A holistic and rational approach
An ASA-appointed committee is currently in the process of selecting a national waterpolo team coach to guide the fortunes of our top representative side for the next two years. Five candidates have applied to take up this responsibility.
According to the association information is being sought from the applicants about their ‘vision for the development of the team over the next five years’ as well as ‘the preparation plan for the team’s commitments during 2013’ in the context of the 2014 Euro Championships.
The build-up towards the forthcoming qualification round group matches of these championships is a matter to be dealt with immediately.
Although these matches have been provisionally scheduled, starting from December, LEN is understood to be revising the format of this preliminary stage which initially has grouped Malta with Spain and Ukraine.
In general, the coach is to devise a strategy for future international commitments over a long time-frame.
This requirement was spelt out clearly by the ASA in the terms of reference. The rationale behind this strategy is obvious. Long-term objectives are the keys to efficiency and eventually positive results.
Naturally, the association must have the funds to realise these goals.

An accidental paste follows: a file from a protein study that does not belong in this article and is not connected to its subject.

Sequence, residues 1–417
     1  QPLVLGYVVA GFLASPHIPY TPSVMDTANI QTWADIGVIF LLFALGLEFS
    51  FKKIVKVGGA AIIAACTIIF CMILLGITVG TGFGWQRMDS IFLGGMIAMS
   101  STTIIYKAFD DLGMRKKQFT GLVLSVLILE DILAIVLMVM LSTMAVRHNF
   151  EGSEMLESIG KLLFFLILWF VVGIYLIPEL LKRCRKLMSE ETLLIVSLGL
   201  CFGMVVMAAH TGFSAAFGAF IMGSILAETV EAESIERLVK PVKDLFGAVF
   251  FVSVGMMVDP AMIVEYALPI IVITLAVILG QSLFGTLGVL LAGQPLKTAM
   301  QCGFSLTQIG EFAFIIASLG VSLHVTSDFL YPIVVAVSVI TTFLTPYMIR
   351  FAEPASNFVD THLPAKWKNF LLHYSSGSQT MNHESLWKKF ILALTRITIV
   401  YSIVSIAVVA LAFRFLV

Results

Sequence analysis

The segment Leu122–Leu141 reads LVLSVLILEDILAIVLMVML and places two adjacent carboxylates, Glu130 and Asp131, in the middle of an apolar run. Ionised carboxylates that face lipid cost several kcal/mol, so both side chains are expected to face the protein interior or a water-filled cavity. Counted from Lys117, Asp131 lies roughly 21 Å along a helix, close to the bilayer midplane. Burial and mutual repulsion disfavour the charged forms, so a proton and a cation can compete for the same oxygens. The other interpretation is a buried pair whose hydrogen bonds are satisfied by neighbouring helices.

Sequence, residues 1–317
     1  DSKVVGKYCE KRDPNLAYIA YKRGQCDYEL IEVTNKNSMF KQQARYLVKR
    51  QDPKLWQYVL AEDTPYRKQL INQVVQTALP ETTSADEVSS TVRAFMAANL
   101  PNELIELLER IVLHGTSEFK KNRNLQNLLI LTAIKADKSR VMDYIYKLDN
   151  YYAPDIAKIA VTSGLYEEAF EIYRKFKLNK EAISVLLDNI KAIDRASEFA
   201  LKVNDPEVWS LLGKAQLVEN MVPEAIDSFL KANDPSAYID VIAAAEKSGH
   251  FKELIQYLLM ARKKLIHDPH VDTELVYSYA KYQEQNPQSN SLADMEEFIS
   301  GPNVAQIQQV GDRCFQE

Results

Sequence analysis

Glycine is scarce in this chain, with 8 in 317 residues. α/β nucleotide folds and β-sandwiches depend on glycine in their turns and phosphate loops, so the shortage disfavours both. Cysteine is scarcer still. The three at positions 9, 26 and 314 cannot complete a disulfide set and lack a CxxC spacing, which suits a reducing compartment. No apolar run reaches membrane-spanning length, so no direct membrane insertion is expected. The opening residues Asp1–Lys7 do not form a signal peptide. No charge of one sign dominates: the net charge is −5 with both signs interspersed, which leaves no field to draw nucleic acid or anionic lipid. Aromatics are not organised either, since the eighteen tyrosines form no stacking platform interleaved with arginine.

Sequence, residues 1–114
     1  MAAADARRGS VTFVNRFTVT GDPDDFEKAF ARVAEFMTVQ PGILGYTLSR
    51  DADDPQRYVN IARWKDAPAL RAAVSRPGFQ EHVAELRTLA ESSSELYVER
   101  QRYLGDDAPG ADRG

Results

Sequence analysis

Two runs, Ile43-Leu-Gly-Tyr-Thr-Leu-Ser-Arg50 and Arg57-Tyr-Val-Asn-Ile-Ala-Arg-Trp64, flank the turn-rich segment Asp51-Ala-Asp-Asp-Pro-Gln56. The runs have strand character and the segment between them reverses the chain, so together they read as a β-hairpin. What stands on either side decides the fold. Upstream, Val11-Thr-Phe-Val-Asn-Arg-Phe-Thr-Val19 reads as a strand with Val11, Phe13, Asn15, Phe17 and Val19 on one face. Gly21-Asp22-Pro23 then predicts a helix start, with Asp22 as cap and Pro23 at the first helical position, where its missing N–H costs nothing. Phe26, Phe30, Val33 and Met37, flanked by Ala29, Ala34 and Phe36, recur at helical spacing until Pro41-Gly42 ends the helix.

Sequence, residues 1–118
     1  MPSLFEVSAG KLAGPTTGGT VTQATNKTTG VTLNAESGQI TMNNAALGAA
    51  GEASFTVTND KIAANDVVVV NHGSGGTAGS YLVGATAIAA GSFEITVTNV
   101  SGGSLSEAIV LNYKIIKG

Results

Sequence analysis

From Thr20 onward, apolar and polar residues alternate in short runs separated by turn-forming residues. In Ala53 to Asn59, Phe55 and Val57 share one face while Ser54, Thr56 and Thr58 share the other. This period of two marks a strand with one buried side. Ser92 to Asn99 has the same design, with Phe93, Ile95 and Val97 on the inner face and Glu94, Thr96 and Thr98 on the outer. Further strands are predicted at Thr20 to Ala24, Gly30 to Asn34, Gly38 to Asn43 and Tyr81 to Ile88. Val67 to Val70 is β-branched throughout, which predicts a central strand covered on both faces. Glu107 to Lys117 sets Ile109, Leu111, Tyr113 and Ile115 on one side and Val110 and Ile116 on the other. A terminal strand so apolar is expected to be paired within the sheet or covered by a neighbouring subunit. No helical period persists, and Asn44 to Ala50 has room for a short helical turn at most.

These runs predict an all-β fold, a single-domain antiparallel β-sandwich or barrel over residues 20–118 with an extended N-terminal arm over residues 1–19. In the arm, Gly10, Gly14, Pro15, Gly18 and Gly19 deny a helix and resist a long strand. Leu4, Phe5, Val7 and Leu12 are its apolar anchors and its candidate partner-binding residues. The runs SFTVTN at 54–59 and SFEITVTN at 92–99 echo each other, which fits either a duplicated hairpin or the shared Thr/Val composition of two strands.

Financial allocations for training schedules, build-up matches at home and abroad, training camps, other related technical matters and last but not least the remuneration of the coach, spring immediately to mind.
The ASA will definitely lay the groundwork for a sound pro-jection in terms of finances.
Which leads to the main point – that of rationalising the coach-related expenses, including his pay packet and terms of engagement.
Starting with the latter, perhaps the ASA could re-draft the two-year term and include an option to renew the engagement after one year depending on performance.
Moreover, the chosen person should preferably not be engaged by a local club, a factor which would provide the coach with ample time to conduct training sessions and do scouting duties when attending as many matches as possible.
The engagement could also be on a two-tier basis, with the job divided over two time-frames – the intensive phase, leading up to the competitive matches, and the longer pre-liminary period, which should have the coach overseeing the less intensive training sessions held on fewer occasions during the off-season.
Remuneration could be based accordingly, thus rendering the financial burden less heavy.
Educational factors in the shape of coaching seminars, the role of the coach in following closely the players in the junior teams, and other related duties could also be looked into.
In this way, the engagement of the national team coach will be based on a holistic approach and thus make for more rationality.